It must have been important, if I was being taken out of class for this.
Oh no! Not again. What did I do now?
I wasn’t in trouble, not in the usual sense of the term. I just wasn’t trying hard enough, I guess, or so I was lead to believe.
I needed to focus. Why didn’t I want to go out for recess and play with my friends? Why wasn’t I putting up my hand and participating in class?
I should have been in heaven. After two years, I was finally reunited with my best friend. This year I had all my friends in my class. Everything should have been perfect, but everything was going wrong.
These little talks were expected to inspire me to try harder, I suppose, but until a real diagnosis could be offered to explain my behaviours, I was considered falling behind and possibly unable to keep up.
I’d done well, these past six years, but maybe trying to remain in school with my sighted peers was just not working out anymore.
It’s the quality or state of being perfect.
Freedom from fault or defeat, flawlessness.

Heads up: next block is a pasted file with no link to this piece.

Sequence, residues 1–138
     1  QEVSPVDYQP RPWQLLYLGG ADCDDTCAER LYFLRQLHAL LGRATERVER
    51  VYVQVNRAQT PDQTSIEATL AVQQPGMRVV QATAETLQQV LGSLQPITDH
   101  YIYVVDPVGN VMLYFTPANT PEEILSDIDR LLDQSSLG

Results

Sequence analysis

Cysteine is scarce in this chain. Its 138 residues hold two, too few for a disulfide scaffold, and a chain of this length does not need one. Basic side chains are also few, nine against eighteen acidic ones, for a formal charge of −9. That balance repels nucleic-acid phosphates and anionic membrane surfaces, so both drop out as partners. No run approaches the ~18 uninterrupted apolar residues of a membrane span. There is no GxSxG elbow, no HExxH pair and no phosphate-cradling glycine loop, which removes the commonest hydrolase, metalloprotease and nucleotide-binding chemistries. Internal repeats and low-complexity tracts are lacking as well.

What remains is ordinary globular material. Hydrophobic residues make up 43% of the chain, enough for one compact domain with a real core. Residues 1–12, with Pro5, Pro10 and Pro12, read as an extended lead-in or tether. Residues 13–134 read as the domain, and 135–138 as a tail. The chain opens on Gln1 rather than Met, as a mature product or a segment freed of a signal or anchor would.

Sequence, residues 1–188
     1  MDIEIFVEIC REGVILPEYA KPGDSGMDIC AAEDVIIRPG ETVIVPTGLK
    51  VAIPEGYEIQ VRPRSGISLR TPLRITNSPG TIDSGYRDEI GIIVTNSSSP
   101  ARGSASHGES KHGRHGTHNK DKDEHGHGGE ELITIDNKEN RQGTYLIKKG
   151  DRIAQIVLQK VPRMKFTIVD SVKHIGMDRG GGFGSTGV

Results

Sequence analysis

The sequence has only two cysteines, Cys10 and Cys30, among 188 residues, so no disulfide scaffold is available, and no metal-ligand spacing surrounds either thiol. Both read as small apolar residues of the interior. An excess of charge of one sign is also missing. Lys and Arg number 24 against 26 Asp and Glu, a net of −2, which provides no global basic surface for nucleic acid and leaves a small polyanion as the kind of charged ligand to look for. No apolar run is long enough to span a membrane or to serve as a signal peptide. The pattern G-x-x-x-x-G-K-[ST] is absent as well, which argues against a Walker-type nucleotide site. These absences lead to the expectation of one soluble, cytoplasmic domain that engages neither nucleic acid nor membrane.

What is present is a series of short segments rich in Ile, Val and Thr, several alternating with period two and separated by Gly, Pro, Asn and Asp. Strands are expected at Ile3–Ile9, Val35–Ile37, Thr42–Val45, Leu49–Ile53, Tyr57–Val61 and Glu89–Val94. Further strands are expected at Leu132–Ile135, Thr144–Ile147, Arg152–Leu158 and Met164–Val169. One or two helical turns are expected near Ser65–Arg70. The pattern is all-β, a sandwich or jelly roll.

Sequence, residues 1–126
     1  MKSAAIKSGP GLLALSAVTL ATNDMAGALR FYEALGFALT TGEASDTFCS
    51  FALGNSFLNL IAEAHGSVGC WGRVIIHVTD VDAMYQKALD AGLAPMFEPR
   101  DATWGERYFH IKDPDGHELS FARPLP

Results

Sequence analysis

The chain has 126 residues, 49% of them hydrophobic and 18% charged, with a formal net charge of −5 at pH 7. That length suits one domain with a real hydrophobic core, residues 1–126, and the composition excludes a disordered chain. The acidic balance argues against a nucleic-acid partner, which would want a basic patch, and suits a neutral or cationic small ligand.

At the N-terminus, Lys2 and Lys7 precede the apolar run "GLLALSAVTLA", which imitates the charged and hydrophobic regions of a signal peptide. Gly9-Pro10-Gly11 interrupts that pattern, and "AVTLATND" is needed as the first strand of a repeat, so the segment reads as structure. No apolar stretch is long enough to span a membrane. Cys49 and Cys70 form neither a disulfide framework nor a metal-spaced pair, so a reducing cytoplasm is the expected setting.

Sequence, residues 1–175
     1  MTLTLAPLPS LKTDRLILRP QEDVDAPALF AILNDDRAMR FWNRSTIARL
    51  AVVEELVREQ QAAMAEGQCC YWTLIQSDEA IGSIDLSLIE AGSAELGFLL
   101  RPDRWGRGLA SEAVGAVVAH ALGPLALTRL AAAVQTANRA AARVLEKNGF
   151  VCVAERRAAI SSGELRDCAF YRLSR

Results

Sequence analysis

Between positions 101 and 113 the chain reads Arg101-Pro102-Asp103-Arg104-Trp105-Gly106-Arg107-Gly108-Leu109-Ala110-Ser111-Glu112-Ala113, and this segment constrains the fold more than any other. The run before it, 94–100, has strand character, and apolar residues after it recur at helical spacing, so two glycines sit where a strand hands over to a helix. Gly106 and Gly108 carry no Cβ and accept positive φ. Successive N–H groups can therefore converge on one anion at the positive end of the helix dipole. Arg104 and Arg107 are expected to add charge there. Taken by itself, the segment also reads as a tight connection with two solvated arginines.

The quality or state of being saintly.
You know how it is said that nobody’s perfect?
I know we can all relate. We know we can never achieve it, but we keep trying, we keep on hoping anyway.
“Run another lap, once more around the school yard.”
“Get up. It’s not good for your system to do that. You should remain standing, for your muscles.”
My gym teacher barked his orders at me, but all I could feel was the cool damp grass against my cheek, right in the place I had collapsed, after running laps had taken every ounce of energy I possessed. I couldn’t move. I felt near death. I was failing.
It’s been twenty years since “Jagged Little Pill” was released.
Check out the guest post I wrote for a music blog, just last weekend, to find out why “Perfect” became my ultimate favourite of all the songs on Alanis’s breakout album:
Let’s go back there, to the mid nineties: 1995/96 to be exact and my failure to do anything right, no matter how hard I tried.
People didn’t do it on purpose. They didn’t intend to pummel me with expectations and demands on my energy and on my abilities. They wanted me to be a part of my class and the year, to get good grades and thrive socially, but I was barely keeping my head above water. It was a year of confusion and I lived it in a fog of fear and stress and pain.